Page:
Artwork, shelves, mirrors and other wall-hung items help tie decor together and make a house a home. Getting items to hang properly can sometimes be a daunting task, though -- particularly when the item is heavy or oddly shaped. Even lightweight items may present a challenge on fragile materials such as gypsum board, or in situations where rent agreements prevent putting holes in walls. However, a variety of hangers are available to overcome nearly every difficulty.
- Skill level:
- Moderately Easy
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Things you need
- Measuring tape
- Pencil and paper
- Calculator (optional)
- Hanging hardware (optional choice)
- Drill and bits (optional)
- Wire, ribbon or monofilament (optional)
- Stud finder (optional)
- Multi-purpose electronic tester (optional/ strongly advised)
Measure the vertical length of the item you are hanging to determine how far to position it from the floor and ceiling. Jot that number down and keep it handy.
Measure the height of the wall from floor to ceiling and write that number down.
Determine the height that you prefer for the lower edge of the object you are hanging and measure the distance from that point to the floor, again writing the number down.
Add the first number to the third number and subtract the total measurement from the second number to get the amount of wall space you will have left above the item after it is in position.
Use the sum of the previous calculation to determine the position to place the hanger. Depending upon the type of object you are hanging, place the nail or other hanger two to three inches below the spot where the top edge of the item will ultimately rest.
If you rent, check your lease to see whether you can drill holes in walls. If not, choose an adhesive based hook or other fastener for lightweight photos and other lightweight items. If small holes are allowable, use a finish nail, pushpin hook or picture hook to hang lightweight items from picture wire attached to the back of your item. Picture rails are another alternative.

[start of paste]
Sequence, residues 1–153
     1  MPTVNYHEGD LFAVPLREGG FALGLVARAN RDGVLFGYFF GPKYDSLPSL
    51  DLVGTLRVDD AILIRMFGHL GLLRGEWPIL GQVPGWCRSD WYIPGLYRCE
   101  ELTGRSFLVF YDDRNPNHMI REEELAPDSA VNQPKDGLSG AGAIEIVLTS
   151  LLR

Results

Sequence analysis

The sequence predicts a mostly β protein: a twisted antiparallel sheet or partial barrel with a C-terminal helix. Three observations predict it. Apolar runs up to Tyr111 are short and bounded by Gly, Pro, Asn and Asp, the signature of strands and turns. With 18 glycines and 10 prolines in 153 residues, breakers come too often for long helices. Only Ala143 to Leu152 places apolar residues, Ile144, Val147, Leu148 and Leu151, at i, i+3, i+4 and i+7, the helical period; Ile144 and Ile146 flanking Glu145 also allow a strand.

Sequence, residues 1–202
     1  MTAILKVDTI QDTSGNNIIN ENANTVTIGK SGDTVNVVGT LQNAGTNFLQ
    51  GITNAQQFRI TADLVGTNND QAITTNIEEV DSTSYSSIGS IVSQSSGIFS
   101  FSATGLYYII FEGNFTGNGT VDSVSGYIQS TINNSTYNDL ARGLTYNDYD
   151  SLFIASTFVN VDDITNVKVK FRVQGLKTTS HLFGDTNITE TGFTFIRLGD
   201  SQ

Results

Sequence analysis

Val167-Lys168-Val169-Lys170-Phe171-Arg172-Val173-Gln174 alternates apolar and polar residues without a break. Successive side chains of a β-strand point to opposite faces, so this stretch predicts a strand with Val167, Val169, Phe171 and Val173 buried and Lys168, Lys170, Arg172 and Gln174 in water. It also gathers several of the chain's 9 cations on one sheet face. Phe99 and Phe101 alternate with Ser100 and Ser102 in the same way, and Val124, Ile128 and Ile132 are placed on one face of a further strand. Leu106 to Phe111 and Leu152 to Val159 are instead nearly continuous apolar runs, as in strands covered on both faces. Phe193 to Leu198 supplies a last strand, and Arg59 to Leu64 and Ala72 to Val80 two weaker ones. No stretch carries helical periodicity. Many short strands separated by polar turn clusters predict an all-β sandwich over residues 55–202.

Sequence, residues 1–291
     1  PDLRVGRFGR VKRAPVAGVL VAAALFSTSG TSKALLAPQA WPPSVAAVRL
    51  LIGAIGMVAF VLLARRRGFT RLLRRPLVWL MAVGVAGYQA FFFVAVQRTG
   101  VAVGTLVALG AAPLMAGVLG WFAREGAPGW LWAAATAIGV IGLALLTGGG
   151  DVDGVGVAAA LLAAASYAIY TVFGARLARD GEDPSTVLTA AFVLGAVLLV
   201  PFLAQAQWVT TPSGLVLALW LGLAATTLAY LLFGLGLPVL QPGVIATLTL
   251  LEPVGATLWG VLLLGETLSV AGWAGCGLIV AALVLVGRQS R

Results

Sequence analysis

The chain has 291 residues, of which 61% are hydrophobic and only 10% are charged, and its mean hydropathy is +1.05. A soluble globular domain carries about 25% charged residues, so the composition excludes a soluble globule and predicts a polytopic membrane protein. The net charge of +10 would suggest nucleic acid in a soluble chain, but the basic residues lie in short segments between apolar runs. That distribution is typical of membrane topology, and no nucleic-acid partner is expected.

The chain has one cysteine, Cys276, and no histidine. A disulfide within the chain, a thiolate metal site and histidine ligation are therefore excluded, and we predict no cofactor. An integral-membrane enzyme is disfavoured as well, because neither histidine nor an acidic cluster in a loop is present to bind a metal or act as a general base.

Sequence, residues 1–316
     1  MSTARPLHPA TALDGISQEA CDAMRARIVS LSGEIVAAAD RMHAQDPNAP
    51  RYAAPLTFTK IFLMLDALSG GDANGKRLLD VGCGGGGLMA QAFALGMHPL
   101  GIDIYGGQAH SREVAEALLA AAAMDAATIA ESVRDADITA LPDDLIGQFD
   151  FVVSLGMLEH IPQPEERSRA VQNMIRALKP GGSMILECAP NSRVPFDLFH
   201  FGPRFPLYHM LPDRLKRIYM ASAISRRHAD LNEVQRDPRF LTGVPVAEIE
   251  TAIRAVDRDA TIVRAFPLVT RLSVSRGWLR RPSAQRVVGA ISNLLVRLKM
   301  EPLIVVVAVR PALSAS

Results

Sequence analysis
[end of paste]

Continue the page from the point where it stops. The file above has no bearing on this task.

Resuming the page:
Use toggle bolts, molly bolts, or plastic anchors on drywall and other thin, hollow walls when drilling holes is not a problem.
Choose concrete screws or picture rails for hard, solid walls.
Choosing a Fastener
Locate the wooden framework behind the wall using a stud finder.
Install a wooden picture rail -- specialised moulding that accepts clip-on hooks -- at the top of the wall, using headless nails hammered into the studs. This is a good system for hanging several items if you do not want holes in the walls. Paint the moulding and leave it in place as trim, to avoid marring the walls. Use wire, ribbon or monofilament line to suspend items from the picture rail with picture rail hooks.
Screw cup hooks or screw type picture hooks directly into walls at studs for secure fasteners, or hammer finish nails or picture hooks at stud positions.
Attach items to hollow portions of walls by predrilling appropriately sized holes, inserting spring toggle bolts through the holes and tightening the bolt. Alternatively, drill holes and insert plastic anchors or molly bolts to accept a variety of screw-type hooks for hanging.
Drill holes with a masonry bit, and then use a concrete screw for hanging items on a brick, cement block or other masonry walls.
Installing the Fastener
Tips and warnings
- Check out your local DIY stores and online hardware stores before hanging items. There are many hanging systems available for you to choose from.
- Know what you are drilling into before you start. The Guardian suggests using a multipurpose electronic tester to locate electrical wires and pipes hidden within hollow walls. They also advise never drilling above or below obvious electrical sockets. Failure to heed these warnings may result in electric shocks and damage to your electrical or plumbing systems.
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